Leaders seem to invest an inordinate amount of time in developing strategy and plans, but neglect to provide a systematic approach and direction for their employees to successfully execute and measure the impact. Yet, more and more leaders say they want to make more evidence-based decisions.

Executing on your strategy is about the future (which, if being truthful, we know little about) and about change (a thing most people want to avoid). So why do leaders spend so much time developing their strategic plan and so little time investing in a deliberate approach that helps employees put the strategy to work and measure progress?

Is it because leaders struggle to make the complex simple, struggle with control, struggle to truly prioritize and struggle to use performance measures?

Often, leaders are unaware of the habits that might be causing their struggles:

  • Using buzzwords, vague ideals, and corporate jargon;
  • Adopting command and control mentalities; and,
  • Making everything important now
  • Using measures only for judging their employees performance.

How successful have those habits been working for you?  If you asked your employees, what would they say?

“Simply giving employees a sense of agency (a feeling that they are in control, that they have genuine decision-making authority) can radically increase how much energy and focus they bring to their jobs.”

Charles Duhigg
Author, The Power of Habit

To empower your employees to own strategy execution and reach for results, use these evidence-based leadership habits to set clear strategic direction:

New Habit #1: Describe results, not actions when you deliver your strategic direction. Your strategic direction must paint a picture of what you want your team to achieve, not the actions you think are right. Focus them on the impact you want and leave the team to research, recommend and test actions, as they adapt and learn while the future becomes the present.

New Habit #2: Drop the buzzwords, corporate jargon and vague ideals out of your strategic goals.  Those empty words that can make anything seem complex.  Instead write and speak in words that a fifth-grader can understand. Ten-year old language is concrete, observable and connects to people’s emotions. Most importantly, your employees can imagine achieving it as a team!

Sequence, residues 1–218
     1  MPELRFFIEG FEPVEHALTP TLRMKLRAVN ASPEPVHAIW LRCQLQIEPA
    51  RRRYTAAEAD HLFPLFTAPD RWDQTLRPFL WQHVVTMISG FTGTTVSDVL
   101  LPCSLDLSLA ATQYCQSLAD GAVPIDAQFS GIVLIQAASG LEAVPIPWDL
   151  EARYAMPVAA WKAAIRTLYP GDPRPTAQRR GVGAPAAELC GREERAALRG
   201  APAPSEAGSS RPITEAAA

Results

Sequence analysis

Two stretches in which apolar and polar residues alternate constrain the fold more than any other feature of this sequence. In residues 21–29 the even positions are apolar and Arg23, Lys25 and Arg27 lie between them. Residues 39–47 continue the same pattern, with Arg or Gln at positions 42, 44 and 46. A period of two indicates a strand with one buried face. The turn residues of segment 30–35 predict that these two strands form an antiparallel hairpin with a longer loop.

New Habit#3: Be ruthlessly prioritized in your strategic direction. People can easily become overwhelmed in the face of change and complexity; and when overwhelmed, they get less done. If you get clear on what results are truly most important to achieve first, employees can more easily focus their effort and energy.

Research has proven that if an employee is given 1-3 things to do, they get 1-3 things accomplished; 3-5 and they still get 1-3 things done; 5-7 and they don’t accomplish any of them.

New Habit #4: Use measurement to continually improve your organization. Change the culture of how you use performance measures.  Stop using them to tell individuals they are bad or good (which produces fear and anxiety, resulting in gaming the system). Use them for feedback on how processes and workflows are performing.  For example, move beyond #complaints and look at the time it takes to resolve issue. You shift your team from fear and excuses to learning and testing, as well as having real evidence to make better decisions.

Adopting these new habits will start you on a path towards a brand new style of leadership. One where you feel more comfortable with giving away control of actions, but keeping accountability for the impact and results.

Once you have these new evidence-based leadership habits under your belt, you will be ready to take on three more habits that will move you even closer to becoming a strong leader.

The PuMP® Performance Measure Blueprint was created by Australia’s performance measure specialist Stacey Barr. Louise Watson of Adura Strategy is Canada’s Official Partner and Licensed PuMP® Blueprint consultant.